Crushing is not named ironically. In fact, virtually everything about Julia Jacklin’s second full length is as it first appears. After suffering a recent breakup, the Australian singer-songwriter has written a body of songs that express the pendulous swings brought about by that major life event, from elated liberty to shattered insecurity. Its directness is its strength – Jacklin has a facility for writing in plain truths that find the universal in the specific, doing the hard work so the listener doesn’t have to.

The scene is set by opener ‘Body’, in which she sings with a matter-of-fact humour of the breaking point. She tells the tale of being met by police as her plane lands, her former partner having been caught lighting up in the restroom mid-flight: “Right there on the tarmac/ I threw my luggage down/ I said, ‘I’m going to leave you/ I’m not a good person when you’re around.’” As she drives away, alone in the car with just a driver as company, she describes her world filling with colour and sound, “all of my senses rushing back to me”; but immediately, the flood of empowerment is tempered, as she remembers an intimate photo that her partner may still possess: “would you use it to hurt me?”

It is the album in a nutshell, the headlong collision of antithetical emotional experiences, a scenario most listeners will recognise all too well. ‘Don’t Know How to Keep Loving You’ does what all the guide books recommend we never do, but which is sometimes the only thing that helps: wallow. Over crying guitar and a maudlin pacing, Jacklin gives air to the weakness of not wanting to move on just yet. It is a bracingly honest and strangely cathartic listen. Similarly, ‘Pressure to Party’ throws a spotlight on the awkward attempts to re-integrate into your social world after the change; Jacklin repeats “I’ll try to love again soon” as the song plays out, as if singing it enough times will eventually convince her that it’s true.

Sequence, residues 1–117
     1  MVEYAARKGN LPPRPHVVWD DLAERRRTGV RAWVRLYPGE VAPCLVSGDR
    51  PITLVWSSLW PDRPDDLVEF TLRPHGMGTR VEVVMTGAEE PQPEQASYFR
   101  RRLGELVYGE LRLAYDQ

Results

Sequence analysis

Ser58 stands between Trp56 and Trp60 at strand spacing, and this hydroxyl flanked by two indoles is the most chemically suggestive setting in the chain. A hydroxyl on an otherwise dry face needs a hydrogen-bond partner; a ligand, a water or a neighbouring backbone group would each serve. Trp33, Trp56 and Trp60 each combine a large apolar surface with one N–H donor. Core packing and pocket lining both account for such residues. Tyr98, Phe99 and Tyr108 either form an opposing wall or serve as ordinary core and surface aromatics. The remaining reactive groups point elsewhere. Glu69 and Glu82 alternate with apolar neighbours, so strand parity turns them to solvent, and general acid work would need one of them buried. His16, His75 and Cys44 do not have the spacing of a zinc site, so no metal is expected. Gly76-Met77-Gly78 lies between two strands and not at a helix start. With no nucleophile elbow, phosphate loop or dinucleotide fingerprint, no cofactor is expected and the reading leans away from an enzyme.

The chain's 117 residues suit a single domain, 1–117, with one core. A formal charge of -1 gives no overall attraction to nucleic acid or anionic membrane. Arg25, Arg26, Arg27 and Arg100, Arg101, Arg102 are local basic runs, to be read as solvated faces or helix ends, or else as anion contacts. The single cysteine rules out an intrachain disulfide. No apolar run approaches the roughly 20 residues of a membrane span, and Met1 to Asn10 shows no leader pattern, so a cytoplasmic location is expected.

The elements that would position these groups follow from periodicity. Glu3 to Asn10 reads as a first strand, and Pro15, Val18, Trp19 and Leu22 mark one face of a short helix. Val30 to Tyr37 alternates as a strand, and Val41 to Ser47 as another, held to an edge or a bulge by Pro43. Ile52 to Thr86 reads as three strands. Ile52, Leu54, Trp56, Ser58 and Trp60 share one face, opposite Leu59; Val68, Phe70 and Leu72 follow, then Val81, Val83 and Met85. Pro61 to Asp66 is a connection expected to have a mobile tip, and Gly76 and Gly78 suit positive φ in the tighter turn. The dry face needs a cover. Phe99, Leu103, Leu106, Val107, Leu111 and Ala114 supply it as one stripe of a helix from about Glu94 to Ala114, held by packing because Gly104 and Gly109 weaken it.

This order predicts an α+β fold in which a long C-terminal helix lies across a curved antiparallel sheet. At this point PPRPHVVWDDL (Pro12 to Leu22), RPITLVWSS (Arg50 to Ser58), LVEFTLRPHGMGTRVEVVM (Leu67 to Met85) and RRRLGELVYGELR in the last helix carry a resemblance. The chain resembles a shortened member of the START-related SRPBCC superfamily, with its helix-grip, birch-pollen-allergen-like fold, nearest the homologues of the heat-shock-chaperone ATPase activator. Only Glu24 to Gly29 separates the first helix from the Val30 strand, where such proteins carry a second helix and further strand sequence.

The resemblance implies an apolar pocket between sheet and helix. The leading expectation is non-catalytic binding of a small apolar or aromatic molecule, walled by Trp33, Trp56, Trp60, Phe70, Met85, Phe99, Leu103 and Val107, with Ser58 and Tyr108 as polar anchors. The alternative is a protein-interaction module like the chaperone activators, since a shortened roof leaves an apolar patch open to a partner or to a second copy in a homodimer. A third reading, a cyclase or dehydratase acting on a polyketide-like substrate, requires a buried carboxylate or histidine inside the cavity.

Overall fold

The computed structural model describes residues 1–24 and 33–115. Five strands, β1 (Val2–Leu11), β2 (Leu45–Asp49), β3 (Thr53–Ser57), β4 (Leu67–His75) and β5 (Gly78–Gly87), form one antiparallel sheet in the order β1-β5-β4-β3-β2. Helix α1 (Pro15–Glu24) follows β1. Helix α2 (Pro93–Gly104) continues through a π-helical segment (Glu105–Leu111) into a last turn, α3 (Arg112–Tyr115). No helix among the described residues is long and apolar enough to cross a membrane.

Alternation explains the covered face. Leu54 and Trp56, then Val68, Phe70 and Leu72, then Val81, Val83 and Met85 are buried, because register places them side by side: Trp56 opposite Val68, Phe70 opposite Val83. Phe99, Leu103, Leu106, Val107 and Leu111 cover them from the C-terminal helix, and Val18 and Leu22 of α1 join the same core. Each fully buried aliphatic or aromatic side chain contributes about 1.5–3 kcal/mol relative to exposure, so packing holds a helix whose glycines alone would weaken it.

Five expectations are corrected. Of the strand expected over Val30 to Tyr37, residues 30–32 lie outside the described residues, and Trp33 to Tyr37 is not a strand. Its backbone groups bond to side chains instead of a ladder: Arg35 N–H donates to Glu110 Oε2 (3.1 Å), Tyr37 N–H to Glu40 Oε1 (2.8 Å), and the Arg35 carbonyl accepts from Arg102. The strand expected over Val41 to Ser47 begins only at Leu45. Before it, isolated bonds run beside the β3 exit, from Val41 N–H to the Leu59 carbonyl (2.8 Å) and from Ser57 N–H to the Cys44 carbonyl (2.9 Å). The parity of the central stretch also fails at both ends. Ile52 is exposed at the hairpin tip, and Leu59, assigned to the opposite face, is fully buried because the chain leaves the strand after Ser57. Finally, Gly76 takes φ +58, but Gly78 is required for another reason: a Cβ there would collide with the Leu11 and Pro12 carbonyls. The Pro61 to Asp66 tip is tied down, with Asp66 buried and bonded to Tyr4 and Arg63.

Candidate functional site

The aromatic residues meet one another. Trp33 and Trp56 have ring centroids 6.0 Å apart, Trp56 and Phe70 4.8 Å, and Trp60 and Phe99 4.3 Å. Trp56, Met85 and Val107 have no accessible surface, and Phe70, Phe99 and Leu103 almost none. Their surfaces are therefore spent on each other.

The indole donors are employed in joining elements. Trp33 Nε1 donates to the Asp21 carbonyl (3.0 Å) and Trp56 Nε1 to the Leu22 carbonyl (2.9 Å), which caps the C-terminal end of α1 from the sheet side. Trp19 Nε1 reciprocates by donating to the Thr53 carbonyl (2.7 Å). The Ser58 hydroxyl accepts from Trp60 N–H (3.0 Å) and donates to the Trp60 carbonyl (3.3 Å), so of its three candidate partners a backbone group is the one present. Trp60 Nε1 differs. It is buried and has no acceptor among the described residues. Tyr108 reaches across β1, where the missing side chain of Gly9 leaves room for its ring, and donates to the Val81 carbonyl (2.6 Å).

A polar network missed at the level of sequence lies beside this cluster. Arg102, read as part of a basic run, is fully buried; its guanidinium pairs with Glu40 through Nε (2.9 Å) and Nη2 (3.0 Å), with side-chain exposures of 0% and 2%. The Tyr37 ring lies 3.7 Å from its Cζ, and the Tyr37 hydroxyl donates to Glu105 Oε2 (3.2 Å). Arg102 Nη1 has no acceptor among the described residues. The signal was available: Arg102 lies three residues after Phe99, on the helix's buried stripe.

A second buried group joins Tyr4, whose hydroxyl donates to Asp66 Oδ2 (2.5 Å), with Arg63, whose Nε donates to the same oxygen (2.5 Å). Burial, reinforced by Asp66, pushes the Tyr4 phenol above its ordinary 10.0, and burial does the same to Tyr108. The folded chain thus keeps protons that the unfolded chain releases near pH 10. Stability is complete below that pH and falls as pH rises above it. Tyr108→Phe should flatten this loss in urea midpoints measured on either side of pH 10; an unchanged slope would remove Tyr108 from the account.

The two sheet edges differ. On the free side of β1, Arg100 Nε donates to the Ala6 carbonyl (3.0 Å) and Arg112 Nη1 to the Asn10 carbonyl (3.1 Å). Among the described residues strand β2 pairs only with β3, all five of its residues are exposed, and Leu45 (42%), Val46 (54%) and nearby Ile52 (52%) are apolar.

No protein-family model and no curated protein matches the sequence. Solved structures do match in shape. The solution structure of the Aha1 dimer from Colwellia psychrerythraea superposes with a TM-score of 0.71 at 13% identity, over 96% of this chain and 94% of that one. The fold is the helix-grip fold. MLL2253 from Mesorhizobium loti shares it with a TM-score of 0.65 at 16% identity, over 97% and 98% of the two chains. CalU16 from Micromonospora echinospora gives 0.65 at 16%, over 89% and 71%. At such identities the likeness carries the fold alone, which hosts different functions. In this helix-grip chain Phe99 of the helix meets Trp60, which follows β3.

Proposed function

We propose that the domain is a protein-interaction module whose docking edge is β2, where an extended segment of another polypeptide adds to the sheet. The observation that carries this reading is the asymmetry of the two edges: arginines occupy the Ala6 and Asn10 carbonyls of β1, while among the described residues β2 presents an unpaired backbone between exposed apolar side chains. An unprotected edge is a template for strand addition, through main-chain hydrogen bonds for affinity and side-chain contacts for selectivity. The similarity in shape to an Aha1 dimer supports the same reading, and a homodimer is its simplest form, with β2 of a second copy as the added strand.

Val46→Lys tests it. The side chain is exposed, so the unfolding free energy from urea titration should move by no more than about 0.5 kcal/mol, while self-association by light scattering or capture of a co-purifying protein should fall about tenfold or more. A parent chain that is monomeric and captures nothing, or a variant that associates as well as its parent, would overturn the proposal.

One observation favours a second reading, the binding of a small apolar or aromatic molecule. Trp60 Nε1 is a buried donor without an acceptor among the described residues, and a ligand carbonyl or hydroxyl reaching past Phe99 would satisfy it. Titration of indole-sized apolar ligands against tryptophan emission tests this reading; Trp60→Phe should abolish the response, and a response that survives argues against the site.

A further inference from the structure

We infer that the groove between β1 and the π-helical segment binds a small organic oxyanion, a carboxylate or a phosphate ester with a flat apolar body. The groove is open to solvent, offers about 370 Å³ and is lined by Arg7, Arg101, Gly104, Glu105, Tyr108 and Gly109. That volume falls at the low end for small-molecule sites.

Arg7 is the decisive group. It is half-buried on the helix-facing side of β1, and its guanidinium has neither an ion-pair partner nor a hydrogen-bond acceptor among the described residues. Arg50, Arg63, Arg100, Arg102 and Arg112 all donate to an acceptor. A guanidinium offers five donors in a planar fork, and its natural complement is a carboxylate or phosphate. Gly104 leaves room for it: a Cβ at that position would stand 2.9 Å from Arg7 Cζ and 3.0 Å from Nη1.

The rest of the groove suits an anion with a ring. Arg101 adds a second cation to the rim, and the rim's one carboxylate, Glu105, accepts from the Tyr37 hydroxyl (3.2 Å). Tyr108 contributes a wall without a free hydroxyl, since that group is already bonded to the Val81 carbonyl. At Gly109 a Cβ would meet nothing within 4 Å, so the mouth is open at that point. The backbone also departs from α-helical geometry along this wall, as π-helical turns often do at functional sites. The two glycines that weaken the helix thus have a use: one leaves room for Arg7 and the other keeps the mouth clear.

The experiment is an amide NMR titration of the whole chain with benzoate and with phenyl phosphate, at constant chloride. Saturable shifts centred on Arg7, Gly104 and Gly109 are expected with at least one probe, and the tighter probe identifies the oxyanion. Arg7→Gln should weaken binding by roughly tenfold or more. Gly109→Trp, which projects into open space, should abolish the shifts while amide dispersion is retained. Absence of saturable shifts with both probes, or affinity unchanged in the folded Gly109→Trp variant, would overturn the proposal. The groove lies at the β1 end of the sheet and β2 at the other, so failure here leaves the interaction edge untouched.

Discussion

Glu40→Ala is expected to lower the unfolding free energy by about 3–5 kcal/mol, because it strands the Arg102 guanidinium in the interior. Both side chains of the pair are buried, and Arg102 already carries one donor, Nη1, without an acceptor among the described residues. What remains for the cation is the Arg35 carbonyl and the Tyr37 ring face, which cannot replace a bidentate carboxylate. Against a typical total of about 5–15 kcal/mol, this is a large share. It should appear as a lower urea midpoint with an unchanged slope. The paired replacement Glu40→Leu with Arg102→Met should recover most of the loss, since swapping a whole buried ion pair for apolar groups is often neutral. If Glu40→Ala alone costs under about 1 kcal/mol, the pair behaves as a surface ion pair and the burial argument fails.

But there is tremendous positivity to be found on Crushing too. Album highlight ‘Head Alone’ is a stonking declaration of independence that draws strength from one of the issues of our time: “I don’t wanna be touched all the time/ I raised my body up to be mine.” Jacklin continues by asserting that, “I’ll say it til he understands/ You can love somebody without using your hands.” The specifics are clear, but nevertheless her confidence fizzes out of every moment of the track, a three-minute unadorned celebration of self, the generator that powers the rest of the album, light or dark.

The album’s great heart-stopping secret is concealed until near the end. ‘Turn Me Down’ is for its first half a sobering chapter in the story, unclear in its place in the timeline, but wrenching in its longing for resolution. But then, the moment: the track falls near silent for some ten seconds, just ambient feedback in the air, before Jacklin re-emerges: “So please just turn me down.” Print cannot convey, but in each of those six words, her voice slides through several notes and memories, skidding out of control at times, Jacklin teetering on the edge of losing composure, every ounce of the confusion and heartbreak and empowerment that preceded it bursting out of her at once. It is a stop-in-your-tracks moment on a record brimming with intimate truths. Many a songwriter has tortured themselves to twist and turn these experiences into new metaphorical shapes, but Jacklin has resisted. By laying out her honest realities in plain sight, she has not only allowed herself to heal, but she has offered a healing process to others.